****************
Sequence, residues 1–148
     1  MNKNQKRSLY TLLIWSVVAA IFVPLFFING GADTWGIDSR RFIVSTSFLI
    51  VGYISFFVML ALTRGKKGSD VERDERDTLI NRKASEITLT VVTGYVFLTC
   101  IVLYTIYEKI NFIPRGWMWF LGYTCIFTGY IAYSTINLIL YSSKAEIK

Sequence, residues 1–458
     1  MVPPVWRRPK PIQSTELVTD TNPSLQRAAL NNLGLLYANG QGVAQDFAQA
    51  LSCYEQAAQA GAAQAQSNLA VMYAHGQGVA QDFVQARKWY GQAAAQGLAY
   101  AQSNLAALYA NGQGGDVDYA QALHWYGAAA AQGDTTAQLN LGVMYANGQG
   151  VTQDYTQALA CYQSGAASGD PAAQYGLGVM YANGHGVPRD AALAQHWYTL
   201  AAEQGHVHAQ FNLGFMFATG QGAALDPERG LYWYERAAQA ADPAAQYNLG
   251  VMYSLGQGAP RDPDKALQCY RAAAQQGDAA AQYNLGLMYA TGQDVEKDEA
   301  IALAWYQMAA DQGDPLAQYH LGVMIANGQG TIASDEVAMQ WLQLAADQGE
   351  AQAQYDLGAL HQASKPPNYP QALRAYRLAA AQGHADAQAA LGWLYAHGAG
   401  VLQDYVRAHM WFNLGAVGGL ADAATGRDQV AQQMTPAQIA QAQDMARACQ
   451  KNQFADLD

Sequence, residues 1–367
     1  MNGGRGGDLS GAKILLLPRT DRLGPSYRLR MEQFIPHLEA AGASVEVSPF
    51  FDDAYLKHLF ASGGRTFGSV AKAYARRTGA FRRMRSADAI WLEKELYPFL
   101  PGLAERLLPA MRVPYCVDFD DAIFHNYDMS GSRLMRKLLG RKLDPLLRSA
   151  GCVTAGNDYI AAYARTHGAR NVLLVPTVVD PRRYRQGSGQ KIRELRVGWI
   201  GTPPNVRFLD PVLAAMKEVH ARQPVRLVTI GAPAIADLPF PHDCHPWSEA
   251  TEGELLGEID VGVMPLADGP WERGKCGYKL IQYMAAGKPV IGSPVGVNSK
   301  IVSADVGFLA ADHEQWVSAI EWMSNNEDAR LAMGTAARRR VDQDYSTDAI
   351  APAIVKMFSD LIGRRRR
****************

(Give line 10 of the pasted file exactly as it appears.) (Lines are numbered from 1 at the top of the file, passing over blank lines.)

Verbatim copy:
   201  AAEQGHVHAQ FNLGFMFATG QGAALDPERG LYWYERAAQA ADPAAQYNLG